Common Core Criticism
The Common Core has drawn criticism from across the political spectrum, from the Brookings Institute to the Libertarian Cato Institute, conservatives, including several Republican governors, have assailed the program as a federal “top-down” takeover of state and local education systems. South Carolina Governor Nikki Haley said her state should not “relinquish control of education to the federal government neither should we cede it to the consensus of other states.”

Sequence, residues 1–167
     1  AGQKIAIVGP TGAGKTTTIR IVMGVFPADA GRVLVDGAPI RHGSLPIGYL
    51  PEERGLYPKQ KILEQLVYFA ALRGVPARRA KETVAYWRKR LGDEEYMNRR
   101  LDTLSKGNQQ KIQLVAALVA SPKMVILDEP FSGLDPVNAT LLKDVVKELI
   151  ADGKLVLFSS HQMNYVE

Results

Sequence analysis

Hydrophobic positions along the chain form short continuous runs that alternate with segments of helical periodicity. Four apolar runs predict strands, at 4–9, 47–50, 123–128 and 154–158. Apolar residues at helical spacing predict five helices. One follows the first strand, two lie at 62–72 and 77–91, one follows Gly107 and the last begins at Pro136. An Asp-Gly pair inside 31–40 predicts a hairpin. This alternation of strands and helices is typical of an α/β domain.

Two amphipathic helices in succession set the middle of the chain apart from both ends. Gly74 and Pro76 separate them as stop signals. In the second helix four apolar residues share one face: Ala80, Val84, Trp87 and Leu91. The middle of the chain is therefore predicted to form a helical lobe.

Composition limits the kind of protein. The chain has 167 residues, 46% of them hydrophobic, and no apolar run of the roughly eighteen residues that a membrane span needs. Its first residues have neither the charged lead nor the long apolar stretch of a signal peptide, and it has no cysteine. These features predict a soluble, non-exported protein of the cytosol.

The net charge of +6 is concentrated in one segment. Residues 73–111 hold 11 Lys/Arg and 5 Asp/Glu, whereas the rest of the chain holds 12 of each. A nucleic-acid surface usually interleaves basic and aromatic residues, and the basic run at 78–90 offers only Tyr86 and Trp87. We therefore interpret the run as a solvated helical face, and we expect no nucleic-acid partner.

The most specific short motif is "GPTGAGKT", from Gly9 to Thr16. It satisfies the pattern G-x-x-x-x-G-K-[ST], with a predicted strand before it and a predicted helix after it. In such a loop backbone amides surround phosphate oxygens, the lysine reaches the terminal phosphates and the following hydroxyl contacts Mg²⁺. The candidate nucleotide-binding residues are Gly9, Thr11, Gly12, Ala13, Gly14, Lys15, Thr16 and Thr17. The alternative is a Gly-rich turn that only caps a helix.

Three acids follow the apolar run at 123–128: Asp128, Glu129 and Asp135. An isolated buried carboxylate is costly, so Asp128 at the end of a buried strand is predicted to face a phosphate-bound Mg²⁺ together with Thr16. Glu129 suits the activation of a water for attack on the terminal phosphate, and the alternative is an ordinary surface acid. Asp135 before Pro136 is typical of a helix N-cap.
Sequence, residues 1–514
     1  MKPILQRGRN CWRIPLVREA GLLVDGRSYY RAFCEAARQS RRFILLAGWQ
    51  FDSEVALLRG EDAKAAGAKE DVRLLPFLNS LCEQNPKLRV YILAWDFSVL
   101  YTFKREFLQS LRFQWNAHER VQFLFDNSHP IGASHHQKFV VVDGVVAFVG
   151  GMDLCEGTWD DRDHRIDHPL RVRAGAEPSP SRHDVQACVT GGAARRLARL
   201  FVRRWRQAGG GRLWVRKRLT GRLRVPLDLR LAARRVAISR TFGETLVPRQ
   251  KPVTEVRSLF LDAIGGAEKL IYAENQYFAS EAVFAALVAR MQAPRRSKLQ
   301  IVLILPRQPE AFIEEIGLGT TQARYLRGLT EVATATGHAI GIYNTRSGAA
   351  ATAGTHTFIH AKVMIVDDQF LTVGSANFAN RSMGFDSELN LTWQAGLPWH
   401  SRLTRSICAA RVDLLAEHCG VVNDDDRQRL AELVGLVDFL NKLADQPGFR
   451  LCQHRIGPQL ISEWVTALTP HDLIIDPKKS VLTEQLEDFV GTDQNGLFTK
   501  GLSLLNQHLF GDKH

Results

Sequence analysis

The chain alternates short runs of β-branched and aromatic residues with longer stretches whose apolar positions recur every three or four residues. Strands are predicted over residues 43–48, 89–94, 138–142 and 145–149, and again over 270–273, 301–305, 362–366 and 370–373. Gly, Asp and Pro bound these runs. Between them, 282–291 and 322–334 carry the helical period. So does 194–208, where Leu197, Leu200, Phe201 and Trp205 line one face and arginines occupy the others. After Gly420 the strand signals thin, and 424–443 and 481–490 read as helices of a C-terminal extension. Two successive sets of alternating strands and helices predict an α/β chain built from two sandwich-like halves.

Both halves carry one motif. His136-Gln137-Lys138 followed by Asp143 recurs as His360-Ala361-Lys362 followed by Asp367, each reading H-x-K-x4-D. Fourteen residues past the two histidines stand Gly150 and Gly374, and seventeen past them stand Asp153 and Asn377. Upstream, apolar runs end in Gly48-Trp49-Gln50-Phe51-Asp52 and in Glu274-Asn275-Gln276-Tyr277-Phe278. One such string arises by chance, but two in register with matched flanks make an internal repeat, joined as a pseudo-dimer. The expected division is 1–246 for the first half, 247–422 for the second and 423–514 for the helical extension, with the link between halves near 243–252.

Policy analysts have also questioned the efficacy of the Common Core. The Heritage Foundation argues that the Common Core’s focus on national standards will do little to fix deeply ingrained problems and incentive structures within the education system. Similarly, the Brookings Institute issued research calling into question whether the standards would have a significant effect. According to the NGA one motivating factor for creating the Common Core standards was the United States’ low ranking on international test results, but a study concluded there does not seem to be a relationship between the U.S.’s low score on these tests and its economic ranking. The nonprofit Fair Test argues that assessments developed to measure the Common Core standards will mean more, but not much better, tests in schools that are already suffering from too much testing and “Teaching to the Test.”